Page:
Let’s start with a question. Who knows you best? Your spouse, friend, boss or… Google? Admit it, you know the answer. Google has the ability to capture, store and use all your likes, interests, purchases, comments, documents, emails, photos, personal information and aesthetic preferences. This collection of data is known in the cyber world as your personal data profile. Depending on its contents, your data profile could be very helpful or very damaging.

Data mining companies, for example, often hunt out these personal portraits and provide them to employers who can use that information to decide whether to hire or fire you. We are on the brink of having our personal data profiles affect our ability to make important decisions in our lives (getting a job, buying a car, procuring a loan, etc.).

The Company Data Profile

Now, what if we translated that to an entire company of employees? If you were to compile all of the Google searches, sites visited, emails exchanged, Tweets / DMs / text messages sent, documents written, and phone messages left in a given day, week, month or year at your company, what terms would rank highest? What themes would emerge about the nature and character of your company? You'd see organizational hopes and fears, aspirations and failures, all in one big data grab.

When a data mining company pools a large number of employee data profiles, that’s a company data profile. And just like personal data profiles, company profiles can be either beneficial or detrimental. For company executives looking to know more about their organization, it provides a treasure trove of information. It can certainly paint a positive picture for prospective clients or employees as well.

But from a legal perspective, the data can be used by adversaries in the e-Discovery process. All that information in a company profile can be deemed discoverable by the courts. It only takes one employee mishap to turn that company profile into a damaging piece of evidence against you.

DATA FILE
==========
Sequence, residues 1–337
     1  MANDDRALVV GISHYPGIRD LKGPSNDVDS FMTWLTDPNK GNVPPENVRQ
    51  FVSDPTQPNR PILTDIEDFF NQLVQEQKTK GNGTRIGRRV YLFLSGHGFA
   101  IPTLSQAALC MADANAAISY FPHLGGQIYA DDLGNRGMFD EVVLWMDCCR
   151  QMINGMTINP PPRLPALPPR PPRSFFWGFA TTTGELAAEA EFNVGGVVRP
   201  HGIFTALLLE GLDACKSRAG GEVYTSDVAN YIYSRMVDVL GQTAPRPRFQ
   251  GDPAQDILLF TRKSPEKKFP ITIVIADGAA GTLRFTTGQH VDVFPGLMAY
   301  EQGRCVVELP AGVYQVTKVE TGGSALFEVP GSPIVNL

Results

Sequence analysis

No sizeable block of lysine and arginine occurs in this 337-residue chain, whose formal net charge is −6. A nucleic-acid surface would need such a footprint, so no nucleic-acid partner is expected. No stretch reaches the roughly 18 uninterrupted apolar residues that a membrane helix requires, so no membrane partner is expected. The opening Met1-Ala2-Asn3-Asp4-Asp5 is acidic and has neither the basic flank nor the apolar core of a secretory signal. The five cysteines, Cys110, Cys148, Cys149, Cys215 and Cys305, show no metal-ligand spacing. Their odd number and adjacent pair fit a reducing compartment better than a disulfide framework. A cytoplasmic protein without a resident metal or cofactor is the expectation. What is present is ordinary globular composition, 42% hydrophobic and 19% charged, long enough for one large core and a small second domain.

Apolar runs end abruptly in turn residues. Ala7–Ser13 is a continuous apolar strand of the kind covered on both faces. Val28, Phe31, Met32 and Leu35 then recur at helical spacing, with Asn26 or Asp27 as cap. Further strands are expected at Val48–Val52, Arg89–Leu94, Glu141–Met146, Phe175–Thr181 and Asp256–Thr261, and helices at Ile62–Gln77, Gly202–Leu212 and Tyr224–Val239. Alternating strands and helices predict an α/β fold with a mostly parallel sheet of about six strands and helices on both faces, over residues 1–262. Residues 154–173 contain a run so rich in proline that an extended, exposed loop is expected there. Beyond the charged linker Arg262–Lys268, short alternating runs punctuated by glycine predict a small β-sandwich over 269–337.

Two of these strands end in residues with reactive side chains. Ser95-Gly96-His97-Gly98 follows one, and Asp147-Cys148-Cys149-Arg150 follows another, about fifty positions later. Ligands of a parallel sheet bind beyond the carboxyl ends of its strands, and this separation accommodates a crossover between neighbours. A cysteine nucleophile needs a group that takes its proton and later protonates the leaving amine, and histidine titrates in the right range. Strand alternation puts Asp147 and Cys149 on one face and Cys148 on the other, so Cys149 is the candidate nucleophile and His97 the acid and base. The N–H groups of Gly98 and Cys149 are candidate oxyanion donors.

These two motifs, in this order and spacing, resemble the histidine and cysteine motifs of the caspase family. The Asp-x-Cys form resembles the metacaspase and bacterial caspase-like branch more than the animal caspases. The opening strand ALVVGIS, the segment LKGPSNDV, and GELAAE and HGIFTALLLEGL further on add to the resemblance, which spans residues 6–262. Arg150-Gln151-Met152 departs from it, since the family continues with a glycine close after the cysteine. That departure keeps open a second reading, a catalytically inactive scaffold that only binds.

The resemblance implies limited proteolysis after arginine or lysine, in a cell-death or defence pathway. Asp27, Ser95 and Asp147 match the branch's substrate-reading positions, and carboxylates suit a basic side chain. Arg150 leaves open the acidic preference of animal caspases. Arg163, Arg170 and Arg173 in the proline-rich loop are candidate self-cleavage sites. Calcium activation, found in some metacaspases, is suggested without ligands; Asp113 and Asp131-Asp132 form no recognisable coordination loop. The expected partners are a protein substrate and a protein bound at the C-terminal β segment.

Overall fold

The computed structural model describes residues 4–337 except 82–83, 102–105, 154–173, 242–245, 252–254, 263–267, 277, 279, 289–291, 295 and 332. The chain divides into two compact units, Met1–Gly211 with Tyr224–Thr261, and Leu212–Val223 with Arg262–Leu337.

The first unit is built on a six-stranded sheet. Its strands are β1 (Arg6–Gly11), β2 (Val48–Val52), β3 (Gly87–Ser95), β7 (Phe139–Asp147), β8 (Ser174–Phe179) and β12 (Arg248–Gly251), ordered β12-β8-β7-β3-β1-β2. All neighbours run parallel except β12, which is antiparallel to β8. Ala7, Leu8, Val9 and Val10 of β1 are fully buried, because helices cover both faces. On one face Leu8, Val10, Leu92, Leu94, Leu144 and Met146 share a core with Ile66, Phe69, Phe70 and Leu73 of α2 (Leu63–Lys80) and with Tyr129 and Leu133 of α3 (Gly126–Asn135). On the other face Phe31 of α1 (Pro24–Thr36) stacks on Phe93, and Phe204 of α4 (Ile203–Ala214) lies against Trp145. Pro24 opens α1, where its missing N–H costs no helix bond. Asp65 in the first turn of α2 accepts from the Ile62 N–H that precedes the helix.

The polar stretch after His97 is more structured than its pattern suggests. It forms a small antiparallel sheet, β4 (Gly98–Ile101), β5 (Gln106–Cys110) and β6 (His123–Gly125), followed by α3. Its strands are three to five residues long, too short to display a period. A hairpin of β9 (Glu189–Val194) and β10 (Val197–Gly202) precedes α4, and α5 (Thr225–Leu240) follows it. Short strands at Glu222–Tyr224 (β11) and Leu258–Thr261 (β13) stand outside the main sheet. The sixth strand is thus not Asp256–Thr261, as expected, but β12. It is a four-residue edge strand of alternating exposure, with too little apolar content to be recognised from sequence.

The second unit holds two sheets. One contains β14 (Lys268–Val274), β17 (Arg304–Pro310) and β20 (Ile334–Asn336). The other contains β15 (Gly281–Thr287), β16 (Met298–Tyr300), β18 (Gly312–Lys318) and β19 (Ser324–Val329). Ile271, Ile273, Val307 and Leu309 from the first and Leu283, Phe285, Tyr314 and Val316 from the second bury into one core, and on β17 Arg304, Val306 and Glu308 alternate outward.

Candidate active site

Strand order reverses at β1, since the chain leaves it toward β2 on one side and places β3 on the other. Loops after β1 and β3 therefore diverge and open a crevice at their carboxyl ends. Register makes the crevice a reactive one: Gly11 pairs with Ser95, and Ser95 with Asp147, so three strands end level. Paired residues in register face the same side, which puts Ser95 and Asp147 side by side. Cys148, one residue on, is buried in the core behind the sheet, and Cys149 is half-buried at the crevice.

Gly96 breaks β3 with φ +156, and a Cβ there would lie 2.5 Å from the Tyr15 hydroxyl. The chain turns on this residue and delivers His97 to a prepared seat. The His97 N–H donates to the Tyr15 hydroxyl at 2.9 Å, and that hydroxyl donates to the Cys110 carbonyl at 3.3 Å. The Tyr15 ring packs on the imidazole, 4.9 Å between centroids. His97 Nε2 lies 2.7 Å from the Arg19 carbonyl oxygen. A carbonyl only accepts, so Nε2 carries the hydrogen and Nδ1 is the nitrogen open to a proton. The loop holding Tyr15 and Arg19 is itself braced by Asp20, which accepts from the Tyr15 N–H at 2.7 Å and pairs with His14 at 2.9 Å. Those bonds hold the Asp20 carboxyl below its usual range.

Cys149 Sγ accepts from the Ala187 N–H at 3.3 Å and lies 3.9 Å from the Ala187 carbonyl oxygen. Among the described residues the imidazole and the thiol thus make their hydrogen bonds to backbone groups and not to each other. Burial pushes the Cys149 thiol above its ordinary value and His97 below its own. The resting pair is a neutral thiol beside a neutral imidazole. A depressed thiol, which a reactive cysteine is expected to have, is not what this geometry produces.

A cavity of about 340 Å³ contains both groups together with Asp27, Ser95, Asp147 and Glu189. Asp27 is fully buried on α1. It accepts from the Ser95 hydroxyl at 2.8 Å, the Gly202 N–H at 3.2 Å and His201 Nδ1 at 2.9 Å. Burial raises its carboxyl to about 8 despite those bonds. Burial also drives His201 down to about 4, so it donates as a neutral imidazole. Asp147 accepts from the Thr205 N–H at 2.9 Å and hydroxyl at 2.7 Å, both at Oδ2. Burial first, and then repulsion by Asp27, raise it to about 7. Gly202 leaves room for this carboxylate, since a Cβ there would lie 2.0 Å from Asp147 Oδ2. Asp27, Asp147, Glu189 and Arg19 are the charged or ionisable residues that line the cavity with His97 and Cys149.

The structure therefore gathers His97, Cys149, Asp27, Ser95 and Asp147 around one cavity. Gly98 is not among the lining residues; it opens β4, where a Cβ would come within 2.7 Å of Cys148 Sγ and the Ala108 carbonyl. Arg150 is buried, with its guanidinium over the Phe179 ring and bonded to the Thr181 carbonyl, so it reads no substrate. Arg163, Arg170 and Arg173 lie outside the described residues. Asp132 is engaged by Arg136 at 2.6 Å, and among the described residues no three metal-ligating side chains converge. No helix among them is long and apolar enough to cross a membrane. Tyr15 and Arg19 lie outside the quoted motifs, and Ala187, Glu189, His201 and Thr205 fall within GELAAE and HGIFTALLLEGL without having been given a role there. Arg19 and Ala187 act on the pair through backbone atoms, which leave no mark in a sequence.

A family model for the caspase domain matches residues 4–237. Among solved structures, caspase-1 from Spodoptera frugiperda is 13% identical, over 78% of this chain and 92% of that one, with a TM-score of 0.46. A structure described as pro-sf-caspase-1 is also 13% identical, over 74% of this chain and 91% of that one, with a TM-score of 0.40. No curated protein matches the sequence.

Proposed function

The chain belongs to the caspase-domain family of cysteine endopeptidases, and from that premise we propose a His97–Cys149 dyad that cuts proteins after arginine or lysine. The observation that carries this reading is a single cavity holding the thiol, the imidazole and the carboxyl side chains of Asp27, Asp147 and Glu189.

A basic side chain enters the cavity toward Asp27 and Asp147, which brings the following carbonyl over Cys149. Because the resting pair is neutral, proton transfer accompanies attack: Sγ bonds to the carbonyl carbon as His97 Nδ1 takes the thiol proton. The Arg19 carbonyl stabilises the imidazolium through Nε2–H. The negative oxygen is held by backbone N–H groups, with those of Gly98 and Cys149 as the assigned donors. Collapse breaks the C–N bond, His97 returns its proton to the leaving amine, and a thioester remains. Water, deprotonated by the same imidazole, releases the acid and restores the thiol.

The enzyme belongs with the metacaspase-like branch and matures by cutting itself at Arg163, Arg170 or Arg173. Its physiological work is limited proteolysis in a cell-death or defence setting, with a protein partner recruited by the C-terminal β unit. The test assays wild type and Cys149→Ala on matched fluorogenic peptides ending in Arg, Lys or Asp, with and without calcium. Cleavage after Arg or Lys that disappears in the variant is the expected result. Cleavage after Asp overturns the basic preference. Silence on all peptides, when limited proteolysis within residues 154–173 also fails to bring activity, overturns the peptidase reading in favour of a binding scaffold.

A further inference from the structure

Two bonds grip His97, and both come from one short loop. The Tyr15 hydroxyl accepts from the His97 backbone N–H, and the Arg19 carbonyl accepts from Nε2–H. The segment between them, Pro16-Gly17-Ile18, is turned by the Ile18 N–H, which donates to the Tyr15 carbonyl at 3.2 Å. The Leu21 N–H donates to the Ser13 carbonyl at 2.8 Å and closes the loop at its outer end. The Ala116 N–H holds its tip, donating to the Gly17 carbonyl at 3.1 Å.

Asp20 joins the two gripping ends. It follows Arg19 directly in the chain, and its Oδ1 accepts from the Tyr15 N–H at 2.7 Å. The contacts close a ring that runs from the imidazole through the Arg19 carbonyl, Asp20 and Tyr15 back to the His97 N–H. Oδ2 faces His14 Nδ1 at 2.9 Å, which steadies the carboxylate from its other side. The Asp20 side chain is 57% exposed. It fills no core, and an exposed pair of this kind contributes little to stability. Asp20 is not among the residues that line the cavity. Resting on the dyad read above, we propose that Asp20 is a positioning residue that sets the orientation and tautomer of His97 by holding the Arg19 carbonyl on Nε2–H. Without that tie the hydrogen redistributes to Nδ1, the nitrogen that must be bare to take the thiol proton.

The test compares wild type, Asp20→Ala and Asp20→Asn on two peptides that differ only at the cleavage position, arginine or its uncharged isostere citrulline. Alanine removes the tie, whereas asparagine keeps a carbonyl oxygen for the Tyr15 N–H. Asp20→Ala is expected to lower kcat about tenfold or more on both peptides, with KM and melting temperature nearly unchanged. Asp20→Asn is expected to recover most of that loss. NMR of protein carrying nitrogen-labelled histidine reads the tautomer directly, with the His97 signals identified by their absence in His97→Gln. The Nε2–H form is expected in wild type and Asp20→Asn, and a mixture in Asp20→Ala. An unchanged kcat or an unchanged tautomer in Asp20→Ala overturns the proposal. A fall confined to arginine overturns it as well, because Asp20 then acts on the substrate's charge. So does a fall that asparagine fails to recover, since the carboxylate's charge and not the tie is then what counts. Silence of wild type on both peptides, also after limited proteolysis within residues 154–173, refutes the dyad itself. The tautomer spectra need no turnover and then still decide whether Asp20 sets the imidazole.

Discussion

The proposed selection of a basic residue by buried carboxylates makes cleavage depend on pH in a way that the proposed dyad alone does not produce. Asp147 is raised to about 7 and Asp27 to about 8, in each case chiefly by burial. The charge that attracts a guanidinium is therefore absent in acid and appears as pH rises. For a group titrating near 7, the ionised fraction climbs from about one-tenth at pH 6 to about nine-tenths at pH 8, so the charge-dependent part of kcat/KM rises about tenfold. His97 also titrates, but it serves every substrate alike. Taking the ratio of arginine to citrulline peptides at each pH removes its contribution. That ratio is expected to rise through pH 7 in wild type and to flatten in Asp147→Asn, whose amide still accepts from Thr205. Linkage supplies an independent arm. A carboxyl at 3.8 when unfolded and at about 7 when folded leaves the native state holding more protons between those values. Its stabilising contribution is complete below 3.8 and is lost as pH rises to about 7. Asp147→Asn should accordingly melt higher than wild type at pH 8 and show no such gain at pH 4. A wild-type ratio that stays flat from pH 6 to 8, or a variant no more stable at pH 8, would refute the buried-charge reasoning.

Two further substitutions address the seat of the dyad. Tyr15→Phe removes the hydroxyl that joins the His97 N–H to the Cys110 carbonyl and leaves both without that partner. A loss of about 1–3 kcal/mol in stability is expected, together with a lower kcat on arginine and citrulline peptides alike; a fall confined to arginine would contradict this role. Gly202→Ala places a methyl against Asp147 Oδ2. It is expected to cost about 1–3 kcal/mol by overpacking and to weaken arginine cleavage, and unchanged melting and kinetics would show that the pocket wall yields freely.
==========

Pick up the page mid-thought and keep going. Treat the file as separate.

Who Should Manage, Control and Govern Corporate Data?

Which brings us to an interesting question regarding corporate data: who owns its management, control and governance? Historically, this responsibility has fallen into the lap of IT. However, with such large company implications within that data, business executives should have an interest in monitoring and preserving it as well.

Additionally, there is a growing awareness from various departments with differing needs (legal, marketing, HR) of the necessity of assessing the collective repository of company data: Marketing wants brand / reputation management access; HR wants to know what employees are up to; Legal wants to know what business liabilities might be lurking on the horizon. All data desires point to a greater need: to collect, sort and catalog company data in a central, easily accessed, searchable, secure repository.

It’s all part of the reason smart companies are getting proactive toward e-Discovery. Not only can you locate and use your own company data more easily, but you’ll also save yourself those excessive last minute legal costs in the event of a lawsuit.

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